So because he left without his bags we had to all reclaim our overhead luggage so the security team could scour the whole plane and remove any unclaimed bags…never know if he left a bomb on the plane…but how would he have gotten it past all those incoming security checks?????  So this took another 30 minutes to clear all our bags in the overhead compartments.

I assumed the pilot would make up the time in the air on our way to Dakar, Senegal.

Upon arriving into JFK the fog was as thick as thieves so we had to fly a pattern for 30 minutes to determine whether or not we were going to have to land in Boston!!!!!  Although Boston is my hometown and my family is still there….I was ready to be home…NOW!!!!

After about 30 minutes, we finally were able to land in JFK.  Not sure how the pilot could see anything.  The fog was very low lying and as we descended we could see the top floors of all the skyscrapers poking out!  I’ve made it back to the US!  But of course I missed my flight by 10 to 15 minutes to SFO.  United was able to put me on another direct flight that left two hours later.  

Sorry the story isn’t over.  

Normally I’m falling asleep by the time we take off and was just nodding off when the plane accelerated down the runway to take off…just before it was to lift off the ground the pilot slams on the brakes and we all get thrown forward in our seats and smoke was pouring in throughout the cabin!  The pilot apparently saw smoke as we were taking off and aborted take off.  The cabin was filled with smoke, but it wasn’t the kind to thick smoke that would choke you…but was obviously an indication that something was wrong…very wrong!  We were then told we had to sit still one the runway while the emergency staff checked out our plane for possible immediate evacuation.  After a few moments we were told that we were heading back to the gate to investigate the smoke and we were escorted by 7 emergency vehicles on the left of us and about 5 to 7 vehicles on the right of us — Fire engines, ambulances, bomb squad, police cars…all flashing their emergency lights and doing a good job of parading us back down the runway–as well as scaring the shit out of us all!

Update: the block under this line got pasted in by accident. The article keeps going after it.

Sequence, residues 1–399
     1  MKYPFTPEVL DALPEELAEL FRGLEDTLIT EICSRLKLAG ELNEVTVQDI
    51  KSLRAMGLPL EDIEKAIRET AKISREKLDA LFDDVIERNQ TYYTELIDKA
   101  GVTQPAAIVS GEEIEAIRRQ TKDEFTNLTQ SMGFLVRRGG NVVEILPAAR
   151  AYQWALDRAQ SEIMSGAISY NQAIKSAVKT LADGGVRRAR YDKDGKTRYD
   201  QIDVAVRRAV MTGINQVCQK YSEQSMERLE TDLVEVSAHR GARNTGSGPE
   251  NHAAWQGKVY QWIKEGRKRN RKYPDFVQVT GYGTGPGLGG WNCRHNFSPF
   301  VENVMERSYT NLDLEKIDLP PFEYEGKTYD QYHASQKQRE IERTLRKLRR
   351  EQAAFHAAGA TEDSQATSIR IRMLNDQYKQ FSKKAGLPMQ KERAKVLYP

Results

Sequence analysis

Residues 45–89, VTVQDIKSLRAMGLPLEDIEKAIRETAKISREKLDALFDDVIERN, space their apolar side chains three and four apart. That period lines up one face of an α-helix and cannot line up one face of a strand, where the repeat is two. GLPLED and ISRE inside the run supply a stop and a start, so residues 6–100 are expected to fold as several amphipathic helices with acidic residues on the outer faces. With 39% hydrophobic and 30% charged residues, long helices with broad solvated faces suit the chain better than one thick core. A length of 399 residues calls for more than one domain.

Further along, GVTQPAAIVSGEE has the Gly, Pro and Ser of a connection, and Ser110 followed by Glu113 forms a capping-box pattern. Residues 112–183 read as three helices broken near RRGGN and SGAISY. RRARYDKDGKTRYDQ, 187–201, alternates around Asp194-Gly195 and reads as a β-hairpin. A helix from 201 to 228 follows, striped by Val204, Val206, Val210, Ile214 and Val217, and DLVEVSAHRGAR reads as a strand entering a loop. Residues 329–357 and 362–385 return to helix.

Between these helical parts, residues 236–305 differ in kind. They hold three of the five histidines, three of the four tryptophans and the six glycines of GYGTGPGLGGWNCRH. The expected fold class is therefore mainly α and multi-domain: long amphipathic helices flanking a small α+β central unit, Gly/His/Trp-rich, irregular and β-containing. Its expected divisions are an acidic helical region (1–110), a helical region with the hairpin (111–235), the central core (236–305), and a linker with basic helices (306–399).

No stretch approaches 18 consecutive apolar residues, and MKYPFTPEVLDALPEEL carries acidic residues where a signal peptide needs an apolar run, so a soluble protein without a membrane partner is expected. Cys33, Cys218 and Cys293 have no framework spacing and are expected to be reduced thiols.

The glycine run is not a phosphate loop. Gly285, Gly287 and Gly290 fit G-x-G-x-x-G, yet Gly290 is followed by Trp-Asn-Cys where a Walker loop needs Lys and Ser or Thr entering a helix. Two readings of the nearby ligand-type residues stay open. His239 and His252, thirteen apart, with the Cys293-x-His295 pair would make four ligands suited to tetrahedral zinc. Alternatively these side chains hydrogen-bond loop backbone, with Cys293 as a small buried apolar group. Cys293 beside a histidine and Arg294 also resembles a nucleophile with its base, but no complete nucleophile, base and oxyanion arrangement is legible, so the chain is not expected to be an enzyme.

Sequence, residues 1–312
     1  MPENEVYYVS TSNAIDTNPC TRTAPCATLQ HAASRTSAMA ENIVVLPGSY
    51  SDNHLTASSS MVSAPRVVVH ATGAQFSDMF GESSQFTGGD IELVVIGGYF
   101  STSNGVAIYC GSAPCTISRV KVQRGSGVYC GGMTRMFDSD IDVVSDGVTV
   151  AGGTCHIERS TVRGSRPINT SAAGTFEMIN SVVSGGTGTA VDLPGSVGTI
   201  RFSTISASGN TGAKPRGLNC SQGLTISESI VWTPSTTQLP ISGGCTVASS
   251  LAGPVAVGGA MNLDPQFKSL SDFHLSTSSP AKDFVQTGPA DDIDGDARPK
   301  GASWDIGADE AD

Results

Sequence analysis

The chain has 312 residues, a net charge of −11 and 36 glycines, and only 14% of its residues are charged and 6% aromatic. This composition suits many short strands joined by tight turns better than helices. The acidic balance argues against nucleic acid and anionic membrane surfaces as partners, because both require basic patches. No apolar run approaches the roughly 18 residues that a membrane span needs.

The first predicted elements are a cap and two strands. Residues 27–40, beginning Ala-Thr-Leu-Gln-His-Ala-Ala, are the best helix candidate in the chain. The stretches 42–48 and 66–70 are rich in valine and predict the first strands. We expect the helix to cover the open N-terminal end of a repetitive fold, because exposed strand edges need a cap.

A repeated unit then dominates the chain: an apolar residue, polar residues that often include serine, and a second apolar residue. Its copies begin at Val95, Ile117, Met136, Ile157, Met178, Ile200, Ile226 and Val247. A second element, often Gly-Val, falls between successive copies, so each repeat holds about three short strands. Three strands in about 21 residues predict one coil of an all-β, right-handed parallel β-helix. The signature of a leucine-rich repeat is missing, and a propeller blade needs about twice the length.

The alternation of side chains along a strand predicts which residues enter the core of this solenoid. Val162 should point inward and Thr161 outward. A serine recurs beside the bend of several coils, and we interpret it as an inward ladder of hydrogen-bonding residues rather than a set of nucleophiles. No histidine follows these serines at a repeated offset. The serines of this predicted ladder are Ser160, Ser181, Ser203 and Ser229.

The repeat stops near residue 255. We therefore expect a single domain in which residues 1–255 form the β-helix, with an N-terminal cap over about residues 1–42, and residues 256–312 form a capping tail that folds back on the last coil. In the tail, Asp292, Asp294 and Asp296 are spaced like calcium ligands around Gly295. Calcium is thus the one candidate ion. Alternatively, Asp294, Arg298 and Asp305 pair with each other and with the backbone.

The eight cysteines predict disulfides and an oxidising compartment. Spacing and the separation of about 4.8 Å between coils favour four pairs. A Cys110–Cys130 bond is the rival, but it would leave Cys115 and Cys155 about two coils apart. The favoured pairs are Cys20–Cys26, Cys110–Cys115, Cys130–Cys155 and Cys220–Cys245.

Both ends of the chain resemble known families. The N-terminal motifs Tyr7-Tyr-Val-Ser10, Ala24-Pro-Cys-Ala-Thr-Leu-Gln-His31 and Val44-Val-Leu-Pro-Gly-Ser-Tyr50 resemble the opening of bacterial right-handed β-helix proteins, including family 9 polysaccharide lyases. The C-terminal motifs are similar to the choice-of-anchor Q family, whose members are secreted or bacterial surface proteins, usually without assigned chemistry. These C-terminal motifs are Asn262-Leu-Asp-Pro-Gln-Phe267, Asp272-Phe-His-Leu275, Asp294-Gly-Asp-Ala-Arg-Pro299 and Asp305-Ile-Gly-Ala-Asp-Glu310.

We were told to wait a few hours to see what the deal was with our plane and that we may have to be put up in hotels for the night because all remaining flights where booked.

Six hours later they fixed and tested the plane and they began the boarding process again…”so are we really taking the same plane again???…hmmmmmmmm!!!!”

I was due in at SFO at noon on Saturday and got there around 8:30 p.m.

That was my trip home!

Cape Town Journey (Sunday)

October 12, 2007

Sept. 30th 

Township Tour & Simons Town (as written by Mirabai)